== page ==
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An Unsustainable Energy Strategy


Canada’s Premiers (leaders of each province) have been meeting this week, as they often do, and what has been making the news is talk of a National Energy Strategy.  Despite the fact that we are only years away from losing the ability to keep global warming below 2 degrees Celsius, the new Energy Strategy is focused on the Alberta Tar Sands and offshore drilling.British Columbia’s Premier has, until now, boycotted the Energy Strategy over the Northern Gateway pipeline project.  This project would take crude bitumen from Alberta’s Tar Sands to the town of Kitimat on the Pacific Coast of B.C.  From there, it would be put on massive tankers which would have to navigate over 100 km of narrow, dangerous waters before reaching the open sea.

The path of the Northern Gateway pipeline

The path of the Northern Gateway pipeline

How oil would spread from a tanker spill along the coast of B.C.

How oil would spread from a tanker spill along the coast of B.C.

Before getting B.C.’s approval, the pipeline project will have to meet a set of five requirements which revolve around safety and B.C. getting a “fair share” of revenue from the project.  In a sane world, B.C.’s approval would never happen as there exists no technology to efficiently clean up the tanker spill that is bound to happen.  To make matters worse, Tar Sands oil is heavier than water and would SINK if a tanker leaving from B.C. were to have an accident.  Good luck cleaning that up.

As a whole, this National Energy Strategy is, in my opinion, dangerous and irresponsible.  It is based on greed and politics rather than science and the need for real leadership.

I found an excuse to publicly “vent” about this so-called Energy Strategy when a PEI reporter described it as a “strategic plan for sustainable energy development that takes into account regional strengths and needs” (my emphasis).  The following is my letter to the editor of The Guardian newspaper of Prince Edward Island.

An Unsustainable Energy Strategy

In the Guardian article “Eastern pipeline not a pipe dream”, author Teresa Wright concludes by stating that a working group, including three of Canada’s Premiers, “will come up with a strategic plan for sustainable energy development that takes into account regional strengths and needs”.  I have a serious issue with the use of the word “sustainable” in this context.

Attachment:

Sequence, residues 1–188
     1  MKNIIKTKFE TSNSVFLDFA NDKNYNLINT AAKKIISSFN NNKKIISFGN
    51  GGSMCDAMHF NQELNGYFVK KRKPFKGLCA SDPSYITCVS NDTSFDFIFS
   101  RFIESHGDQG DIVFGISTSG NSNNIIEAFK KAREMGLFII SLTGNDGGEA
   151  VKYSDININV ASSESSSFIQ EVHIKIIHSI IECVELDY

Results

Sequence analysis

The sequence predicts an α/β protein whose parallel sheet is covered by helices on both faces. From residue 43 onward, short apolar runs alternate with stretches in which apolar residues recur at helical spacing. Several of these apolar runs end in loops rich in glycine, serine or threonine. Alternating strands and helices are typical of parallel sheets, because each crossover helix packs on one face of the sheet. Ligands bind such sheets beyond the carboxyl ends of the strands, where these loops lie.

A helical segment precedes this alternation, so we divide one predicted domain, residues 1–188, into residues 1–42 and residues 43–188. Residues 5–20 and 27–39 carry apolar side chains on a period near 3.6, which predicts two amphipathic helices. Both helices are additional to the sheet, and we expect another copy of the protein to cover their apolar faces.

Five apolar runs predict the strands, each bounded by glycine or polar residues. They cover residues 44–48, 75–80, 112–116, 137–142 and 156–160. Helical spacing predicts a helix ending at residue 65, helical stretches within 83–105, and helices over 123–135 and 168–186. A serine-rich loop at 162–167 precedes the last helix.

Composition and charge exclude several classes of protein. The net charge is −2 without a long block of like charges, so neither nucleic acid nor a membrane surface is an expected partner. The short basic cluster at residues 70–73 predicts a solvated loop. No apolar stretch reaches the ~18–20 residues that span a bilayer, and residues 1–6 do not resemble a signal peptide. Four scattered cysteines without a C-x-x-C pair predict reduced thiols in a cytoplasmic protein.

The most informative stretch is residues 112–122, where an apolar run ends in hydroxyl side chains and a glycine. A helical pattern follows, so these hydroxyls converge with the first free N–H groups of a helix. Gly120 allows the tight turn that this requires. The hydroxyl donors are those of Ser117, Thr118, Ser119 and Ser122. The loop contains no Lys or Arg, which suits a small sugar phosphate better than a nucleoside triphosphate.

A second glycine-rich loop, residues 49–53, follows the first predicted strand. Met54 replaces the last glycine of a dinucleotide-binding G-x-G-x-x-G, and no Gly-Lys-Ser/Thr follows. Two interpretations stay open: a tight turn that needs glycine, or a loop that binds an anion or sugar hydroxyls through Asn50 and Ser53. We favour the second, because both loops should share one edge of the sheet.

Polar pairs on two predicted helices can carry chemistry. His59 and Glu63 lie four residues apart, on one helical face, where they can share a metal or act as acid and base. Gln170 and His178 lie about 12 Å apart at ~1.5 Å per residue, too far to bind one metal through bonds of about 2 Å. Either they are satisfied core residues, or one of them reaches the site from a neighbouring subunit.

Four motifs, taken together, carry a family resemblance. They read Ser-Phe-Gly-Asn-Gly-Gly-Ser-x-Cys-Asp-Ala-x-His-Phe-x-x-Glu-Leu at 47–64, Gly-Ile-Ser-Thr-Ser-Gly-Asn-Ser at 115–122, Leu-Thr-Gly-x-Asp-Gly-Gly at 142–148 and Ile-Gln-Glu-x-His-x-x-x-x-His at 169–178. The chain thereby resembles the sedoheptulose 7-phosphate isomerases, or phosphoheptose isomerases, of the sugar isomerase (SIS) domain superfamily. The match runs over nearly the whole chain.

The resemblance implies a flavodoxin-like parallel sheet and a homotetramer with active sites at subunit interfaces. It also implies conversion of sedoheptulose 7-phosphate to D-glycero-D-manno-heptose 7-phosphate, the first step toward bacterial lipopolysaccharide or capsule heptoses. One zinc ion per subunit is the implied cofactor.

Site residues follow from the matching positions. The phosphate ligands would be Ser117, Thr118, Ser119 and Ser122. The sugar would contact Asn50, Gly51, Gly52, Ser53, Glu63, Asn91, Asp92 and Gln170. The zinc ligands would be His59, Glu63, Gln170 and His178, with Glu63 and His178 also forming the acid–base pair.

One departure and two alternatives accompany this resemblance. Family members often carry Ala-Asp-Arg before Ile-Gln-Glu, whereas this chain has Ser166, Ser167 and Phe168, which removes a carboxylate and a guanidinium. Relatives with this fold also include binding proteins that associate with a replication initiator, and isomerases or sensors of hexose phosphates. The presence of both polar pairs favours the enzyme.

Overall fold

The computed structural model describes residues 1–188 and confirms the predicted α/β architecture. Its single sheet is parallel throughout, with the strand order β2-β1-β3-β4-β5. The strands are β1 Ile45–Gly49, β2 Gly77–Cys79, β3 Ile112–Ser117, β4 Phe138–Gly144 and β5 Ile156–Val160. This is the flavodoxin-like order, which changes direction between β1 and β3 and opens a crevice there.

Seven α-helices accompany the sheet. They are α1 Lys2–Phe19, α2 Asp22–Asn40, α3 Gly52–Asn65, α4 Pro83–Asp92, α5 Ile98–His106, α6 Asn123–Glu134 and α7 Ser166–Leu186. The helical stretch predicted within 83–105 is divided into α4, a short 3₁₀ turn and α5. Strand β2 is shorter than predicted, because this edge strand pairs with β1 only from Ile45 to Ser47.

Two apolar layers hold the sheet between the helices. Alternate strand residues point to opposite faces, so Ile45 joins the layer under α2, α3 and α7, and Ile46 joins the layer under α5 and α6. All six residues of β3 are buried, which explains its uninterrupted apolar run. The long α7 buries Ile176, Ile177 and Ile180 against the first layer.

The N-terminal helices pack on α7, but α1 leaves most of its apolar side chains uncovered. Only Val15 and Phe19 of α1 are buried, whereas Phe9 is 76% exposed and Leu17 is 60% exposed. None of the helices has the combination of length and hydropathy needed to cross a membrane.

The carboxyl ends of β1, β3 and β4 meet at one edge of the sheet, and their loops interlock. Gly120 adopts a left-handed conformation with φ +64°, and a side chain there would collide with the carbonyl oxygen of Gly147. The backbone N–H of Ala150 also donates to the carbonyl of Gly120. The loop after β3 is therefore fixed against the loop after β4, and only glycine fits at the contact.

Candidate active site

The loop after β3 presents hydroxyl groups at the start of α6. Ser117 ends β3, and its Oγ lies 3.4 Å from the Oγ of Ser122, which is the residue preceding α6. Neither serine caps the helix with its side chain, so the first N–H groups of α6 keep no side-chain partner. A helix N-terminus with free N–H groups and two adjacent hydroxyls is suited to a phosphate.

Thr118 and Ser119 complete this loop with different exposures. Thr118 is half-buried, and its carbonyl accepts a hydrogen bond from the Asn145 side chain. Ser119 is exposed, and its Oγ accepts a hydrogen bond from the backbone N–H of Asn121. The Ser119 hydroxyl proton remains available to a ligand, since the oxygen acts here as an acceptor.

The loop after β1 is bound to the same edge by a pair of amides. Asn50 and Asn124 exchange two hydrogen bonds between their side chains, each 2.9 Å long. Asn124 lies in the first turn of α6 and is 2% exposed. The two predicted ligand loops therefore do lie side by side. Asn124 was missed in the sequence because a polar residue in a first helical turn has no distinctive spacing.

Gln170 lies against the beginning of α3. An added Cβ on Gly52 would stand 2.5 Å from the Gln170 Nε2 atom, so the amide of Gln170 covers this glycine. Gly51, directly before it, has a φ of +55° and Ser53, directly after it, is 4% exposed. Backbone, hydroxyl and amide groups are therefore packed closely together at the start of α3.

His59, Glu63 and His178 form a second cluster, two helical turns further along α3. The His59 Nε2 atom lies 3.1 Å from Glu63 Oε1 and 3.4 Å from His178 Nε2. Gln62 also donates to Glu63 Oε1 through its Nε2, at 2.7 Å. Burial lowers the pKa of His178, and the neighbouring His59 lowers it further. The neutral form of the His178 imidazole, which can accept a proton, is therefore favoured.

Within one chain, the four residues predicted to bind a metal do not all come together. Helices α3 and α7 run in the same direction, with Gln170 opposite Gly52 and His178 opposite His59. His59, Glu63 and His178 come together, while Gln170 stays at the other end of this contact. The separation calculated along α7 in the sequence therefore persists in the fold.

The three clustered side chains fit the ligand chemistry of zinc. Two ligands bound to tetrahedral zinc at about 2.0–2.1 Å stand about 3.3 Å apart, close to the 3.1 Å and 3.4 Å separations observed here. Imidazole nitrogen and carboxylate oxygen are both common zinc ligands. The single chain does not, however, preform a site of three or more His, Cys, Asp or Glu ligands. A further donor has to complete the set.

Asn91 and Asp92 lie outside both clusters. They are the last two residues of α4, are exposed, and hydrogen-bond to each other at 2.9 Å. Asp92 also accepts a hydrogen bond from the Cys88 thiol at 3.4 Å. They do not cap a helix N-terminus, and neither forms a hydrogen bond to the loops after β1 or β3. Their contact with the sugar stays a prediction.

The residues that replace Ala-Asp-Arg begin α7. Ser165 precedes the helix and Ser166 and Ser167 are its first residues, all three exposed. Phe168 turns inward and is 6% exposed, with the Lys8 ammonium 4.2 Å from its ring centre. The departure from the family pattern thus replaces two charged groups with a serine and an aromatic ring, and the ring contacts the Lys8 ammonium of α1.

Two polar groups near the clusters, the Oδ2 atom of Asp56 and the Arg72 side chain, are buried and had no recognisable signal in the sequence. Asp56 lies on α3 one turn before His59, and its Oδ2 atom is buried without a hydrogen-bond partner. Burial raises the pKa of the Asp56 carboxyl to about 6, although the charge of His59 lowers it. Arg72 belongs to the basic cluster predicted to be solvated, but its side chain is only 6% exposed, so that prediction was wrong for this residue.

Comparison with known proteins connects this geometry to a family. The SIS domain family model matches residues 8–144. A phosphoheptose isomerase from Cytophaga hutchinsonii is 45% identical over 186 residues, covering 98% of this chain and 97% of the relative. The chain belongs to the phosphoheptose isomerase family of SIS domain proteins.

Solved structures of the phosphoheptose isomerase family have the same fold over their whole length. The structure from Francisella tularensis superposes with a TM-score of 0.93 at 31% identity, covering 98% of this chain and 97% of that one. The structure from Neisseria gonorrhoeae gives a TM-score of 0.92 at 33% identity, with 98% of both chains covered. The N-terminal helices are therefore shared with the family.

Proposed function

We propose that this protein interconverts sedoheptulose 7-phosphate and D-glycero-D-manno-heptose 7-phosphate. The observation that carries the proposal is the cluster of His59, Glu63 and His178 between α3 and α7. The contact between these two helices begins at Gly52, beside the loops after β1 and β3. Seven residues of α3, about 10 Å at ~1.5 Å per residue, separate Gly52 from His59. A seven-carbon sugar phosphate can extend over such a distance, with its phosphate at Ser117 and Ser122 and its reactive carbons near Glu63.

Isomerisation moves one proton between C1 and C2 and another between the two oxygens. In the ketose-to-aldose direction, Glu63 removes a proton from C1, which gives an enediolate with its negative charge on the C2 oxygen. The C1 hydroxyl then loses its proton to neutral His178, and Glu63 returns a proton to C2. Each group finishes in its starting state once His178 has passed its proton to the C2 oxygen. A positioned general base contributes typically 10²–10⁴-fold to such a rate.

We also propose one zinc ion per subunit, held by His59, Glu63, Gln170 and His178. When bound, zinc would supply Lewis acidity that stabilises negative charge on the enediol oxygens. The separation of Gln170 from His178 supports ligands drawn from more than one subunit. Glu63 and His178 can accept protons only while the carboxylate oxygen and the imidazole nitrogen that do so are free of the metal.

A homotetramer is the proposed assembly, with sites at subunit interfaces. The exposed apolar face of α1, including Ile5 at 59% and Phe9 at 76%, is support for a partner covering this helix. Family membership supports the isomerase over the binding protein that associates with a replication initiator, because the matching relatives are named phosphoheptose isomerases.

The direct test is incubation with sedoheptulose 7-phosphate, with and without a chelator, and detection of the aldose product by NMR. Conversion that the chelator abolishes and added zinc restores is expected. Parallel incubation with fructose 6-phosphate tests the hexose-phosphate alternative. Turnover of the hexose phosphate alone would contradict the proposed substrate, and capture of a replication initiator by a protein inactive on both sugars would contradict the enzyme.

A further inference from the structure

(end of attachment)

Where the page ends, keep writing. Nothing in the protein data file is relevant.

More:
This “national energy strategy” that the premiers are discussing is centred on the Alberta Tar Sands and offshore drilling.  If you look up the word “sustainable” in the dictionary, you will see that there is nothing sustainable about these means of energy production.

A first definition of sustainable is “able to be maintained at a certain rate or level”.  Since petroleum is a finite (will run out) resource, the Tar Sands and offshore drilling cannot, by definition, be sustainable.

A second definition of sustainable is “conserving an ecological balance by avoiding depletion of natural resources” such as water trees and animals.  The mining of Alberta’s Tar Sands requires the destruction of the Boreal Forest and the pollution of incredible amounts of freshwater taken from the Athabasca River.  Again, not sustainable.

Meanwhile, the drilling for oil and gas offshore (in the sea) invariably leads to offshore oil spills and the destruction of the aquatic ecosystems.  Again, not sustainable.  (And, by the way, there are plans to drill in the Gulf of St-Lawrence.)

But most importantly, the combustion of petroleum and other fossil fuels is the root cause of global warming and the changing of our climate.  And as this summer has shown, climate change puts at risk our health, our agriculture and our fisheries.  Even PEI coasts are at risk as erosion rates accelerate.  The more petroleum we extract and burn, the worse the climate will become.  That is absolutely not sustainable.

PEI (and all of Canada) needs an energy strategy that is based on renewable sources of energy – wind, solar, tidal, geothermal – with the goal of getting us off of fossil fuels as soon as possible.  Anything less puts the wellbeing of Islanders at risk.

Anything less is not sustainable.

Jocelyn Plourde

5 Comments leave one →
  1. 2012/08/02 5:09 am

    Good post and nicely explained. What would also help would be if people consumed less. Not just in terms of direct energy but also not endlessly buying new, new, new. There is no need for such rampant consumerism displayed by the western world.

    • 2012/08/02 5:14 am

      Thank you for the comment (and the “like”). I completely agree with your argument about consumerism. Controlling our rate of consumption would help a great number of environmental issues. It is sad that it would also have a horrible impact on our global economy.
      You know your system is broken when…

  2. Martin Lack permalink
    2012/08/06 6:29 am

    Very well explained JP. Although nowhere near as mad as your Government, in the UK, ours is also lying to itself and to all those it governs (as indeed James Hansen suggests all governments are doing in Storms of our Grandchildren)…

  3. 2013/02/27 6:59 pm

    Very Nice post JP it’s very well explained.
    P.S It Matthew

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